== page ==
Mental health’s a work in progress for most of us. Tougher for some, easier for others, yet there must be few this pandemic hasn’t wobbled. Years of therapy have killed off some of my demons, and given shape to those that will dog me to my dying days. Normally that dog will walk to heel, chase a ball and even raise a smile. Alas, it’s recently escaped the leash and is running rabid, baring bloody fangs. Everything’s harder with that monster circling me yet, while defeated by a trip to the supermarket, I can still, intermittently, report to my laptop and write.
How do I know it’s going well? I don’t, of course, until it’s exposed to other eyes. Its origins in mental turmoil should make me wary of assuming I’ll get something worth publishing out of this, but – my nasty self-critic aside – I think it’s quite good. If that’s a delusion, and this project is simply a distraction from painful reality, it’s a healthy one. A receptacle for my grief and anger that won’t do me, or anyone else, any harm.
It would be different if I were in a responsible position – say, Prime Minister of a small European country – and my displacement project were – picking an example out of the air – splitting that country from the protective embrace of its neighbours and stomping out onto the windswept moors in flip-flops, holding up a battered umbrella. If that were the case, I’d have to attend to the voices that said I was leading the troops on a mission that would be folly in less turbulent times, criminally insane in the midst of a pandemic.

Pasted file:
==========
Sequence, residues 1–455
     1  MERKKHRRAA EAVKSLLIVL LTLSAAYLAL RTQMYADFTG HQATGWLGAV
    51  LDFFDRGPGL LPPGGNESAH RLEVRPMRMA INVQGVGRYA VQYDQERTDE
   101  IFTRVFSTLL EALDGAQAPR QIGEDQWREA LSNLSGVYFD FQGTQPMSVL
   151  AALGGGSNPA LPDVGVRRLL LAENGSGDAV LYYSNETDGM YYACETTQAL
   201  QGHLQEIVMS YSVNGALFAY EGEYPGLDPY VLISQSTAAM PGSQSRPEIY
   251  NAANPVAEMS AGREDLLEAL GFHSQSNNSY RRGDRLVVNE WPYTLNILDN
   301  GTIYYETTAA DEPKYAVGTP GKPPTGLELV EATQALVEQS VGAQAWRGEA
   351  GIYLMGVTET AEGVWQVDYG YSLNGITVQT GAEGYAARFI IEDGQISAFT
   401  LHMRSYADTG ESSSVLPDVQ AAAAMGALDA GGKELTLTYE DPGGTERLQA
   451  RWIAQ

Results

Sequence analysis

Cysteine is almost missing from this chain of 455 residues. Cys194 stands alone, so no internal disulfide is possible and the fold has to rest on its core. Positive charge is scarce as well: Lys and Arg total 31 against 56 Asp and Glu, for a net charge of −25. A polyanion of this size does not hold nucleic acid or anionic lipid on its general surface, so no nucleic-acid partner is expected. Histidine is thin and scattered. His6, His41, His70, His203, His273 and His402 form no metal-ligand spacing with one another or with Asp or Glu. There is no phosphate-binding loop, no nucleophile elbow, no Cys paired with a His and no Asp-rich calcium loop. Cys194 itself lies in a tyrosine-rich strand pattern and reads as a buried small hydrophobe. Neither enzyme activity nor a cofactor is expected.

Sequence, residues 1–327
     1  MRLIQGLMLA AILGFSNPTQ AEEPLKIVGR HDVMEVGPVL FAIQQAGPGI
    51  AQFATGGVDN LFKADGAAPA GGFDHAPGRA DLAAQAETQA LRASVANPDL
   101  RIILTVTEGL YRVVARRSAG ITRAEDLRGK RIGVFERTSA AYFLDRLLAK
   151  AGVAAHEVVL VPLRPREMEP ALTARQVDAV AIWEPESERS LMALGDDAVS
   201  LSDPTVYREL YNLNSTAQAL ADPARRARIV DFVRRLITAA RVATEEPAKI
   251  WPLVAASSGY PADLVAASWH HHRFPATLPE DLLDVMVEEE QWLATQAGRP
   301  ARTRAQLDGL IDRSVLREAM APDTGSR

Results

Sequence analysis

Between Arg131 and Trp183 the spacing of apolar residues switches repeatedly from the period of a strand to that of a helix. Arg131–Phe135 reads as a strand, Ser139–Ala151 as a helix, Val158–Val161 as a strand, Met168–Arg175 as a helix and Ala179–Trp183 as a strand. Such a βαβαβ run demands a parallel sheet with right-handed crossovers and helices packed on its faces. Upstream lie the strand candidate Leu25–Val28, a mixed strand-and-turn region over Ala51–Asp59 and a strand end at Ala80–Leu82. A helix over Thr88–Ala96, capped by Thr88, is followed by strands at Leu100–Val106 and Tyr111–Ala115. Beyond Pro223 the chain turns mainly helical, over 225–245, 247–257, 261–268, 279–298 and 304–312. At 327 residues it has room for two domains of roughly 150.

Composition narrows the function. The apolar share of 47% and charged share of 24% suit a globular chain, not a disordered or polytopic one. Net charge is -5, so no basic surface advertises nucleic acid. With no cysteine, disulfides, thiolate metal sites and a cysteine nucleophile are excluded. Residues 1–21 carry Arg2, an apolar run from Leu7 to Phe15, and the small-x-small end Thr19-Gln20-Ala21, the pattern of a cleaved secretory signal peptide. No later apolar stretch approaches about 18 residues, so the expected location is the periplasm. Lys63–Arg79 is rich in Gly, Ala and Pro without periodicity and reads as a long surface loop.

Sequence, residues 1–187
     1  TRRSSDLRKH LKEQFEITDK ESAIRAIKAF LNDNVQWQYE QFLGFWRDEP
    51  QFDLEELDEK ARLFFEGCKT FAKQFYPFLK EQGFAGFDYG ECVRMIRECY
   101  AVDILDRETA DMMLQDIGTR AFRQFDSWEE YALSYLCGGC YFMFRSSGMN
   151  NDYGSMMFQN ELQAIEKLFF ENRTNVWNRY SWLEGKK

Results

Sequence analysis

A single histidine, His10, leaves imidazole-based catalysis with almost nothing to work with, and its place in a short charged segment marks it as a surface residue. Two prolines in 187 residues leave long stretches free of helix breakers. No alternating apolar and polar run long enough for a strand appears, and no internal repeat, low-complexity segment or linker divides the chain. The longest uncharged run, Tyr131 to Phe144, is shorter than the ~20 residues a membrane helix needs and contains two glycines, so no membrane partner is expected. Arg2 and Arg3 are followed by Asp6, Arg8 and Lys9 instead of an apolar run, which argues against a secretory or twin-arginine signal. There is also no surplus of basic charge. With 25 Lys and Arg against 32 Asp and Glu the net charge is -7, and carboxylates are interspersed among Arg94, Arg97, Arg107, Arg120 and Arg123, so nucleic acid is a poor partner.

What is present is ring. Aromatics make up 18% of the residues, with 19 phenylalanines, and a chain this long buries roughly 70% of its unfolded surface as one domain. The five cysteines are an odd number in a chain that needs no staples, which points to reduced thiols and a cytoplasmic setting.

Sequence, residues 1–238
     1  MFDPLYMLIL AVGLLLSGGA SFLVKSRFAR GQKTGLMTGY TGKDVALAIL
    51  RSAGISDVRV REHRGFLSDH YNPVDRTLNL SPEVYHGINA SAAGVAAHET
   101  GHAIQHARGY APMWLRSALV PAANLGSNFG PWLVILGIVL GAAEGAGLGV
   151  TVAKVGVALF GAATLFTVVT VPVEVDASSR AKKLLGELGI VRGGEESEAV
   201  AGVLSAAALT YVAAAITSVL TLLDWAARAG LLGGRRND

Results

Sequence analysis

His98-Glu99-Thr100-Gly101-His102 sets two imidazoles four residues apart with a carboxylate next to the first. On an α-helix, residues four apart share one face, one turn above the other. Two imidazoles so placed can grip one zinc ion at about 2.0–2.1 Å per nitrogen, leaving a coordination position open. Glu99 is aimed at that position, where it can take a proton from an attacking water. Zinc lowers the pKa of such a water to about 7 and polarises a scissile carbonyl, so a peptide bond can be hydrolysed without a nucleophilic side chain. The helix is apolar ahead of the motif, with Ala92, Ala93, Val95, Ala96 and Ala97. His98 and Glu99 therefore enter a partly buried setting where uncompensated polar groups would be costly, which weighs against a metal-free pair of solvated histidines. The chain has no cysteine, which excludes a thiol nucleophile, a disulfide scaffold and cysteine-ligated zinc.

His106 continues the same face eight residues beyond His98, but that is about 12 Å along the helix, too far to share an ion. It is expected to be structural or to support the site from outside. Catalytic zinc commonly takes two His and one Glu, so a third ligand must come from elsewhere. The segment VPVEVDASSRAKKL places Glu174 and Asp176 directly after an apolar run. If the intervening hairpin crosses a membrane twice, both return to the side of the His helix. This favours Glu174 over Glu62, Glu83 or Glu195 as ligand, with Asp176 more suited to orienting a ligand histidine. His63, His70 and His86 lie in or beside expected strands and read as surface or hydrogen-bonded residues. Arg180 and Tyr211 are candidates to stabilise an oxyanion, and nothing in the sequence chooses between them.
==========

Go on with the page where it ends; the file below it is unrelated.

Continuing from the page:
To do that, I’d need to be in touch with my vulnerabilities, a quality many of our leaders lack, having had it bullied out of them at boarding school and not had the therapy to put it back. Naïvely, at the beginning of the pandemic, I listed acknowledging our interdependency as one of covid’s silver linings, but I’m wiser now. (I even included the government accepted its responsibility to govern!) A brush with mortality hasn’t dented our PM’s delusional optimism. Recent communion with depression’s dog reminds me how painful that vulnerability can be. Little wonder we’re driven to avoid it: flouting social-distance guidelines to congregate on beaches; getting lost in a shiny new novel; the Tory government’s displacement project of getting Brexit done.
In the couple of hours I’ve spent on this and the 99-word story that follows, I’ve discovered I’m no longer as low as yesterday: is that the result of writing or was the dog already tamed? That state of mind already seems alien yet, each time I’m in it, I try to capture a whiff of its essence to inform my fiction, but depression’s coded in another language that doesn’t automatically translate. Here’s today’s attempt, in response to another flash fiction prompt from Charli Mills.
First the sting, then smothering, then slugging down, then stopped. Gaze turned inside out to pick the marrow from my bones. Mouth a Munchian scream until the lava swallows that and blands it over in Mona Lisa smile. “How are you?” “Fine, thanks, you?” Frozen, glued to nothing, brain reboots itself to factory settings, erasing hours of therapy. Erasing the adult.
Barbs can pierce the carapace. Kindness can’t. Shelled in ineffective armour, identity fragments. Dissolves. Only I can save me. But I’s in exile, I’s abandoned me. Depression’s being washed in molten lava. Transforming flesh and faculties to stone.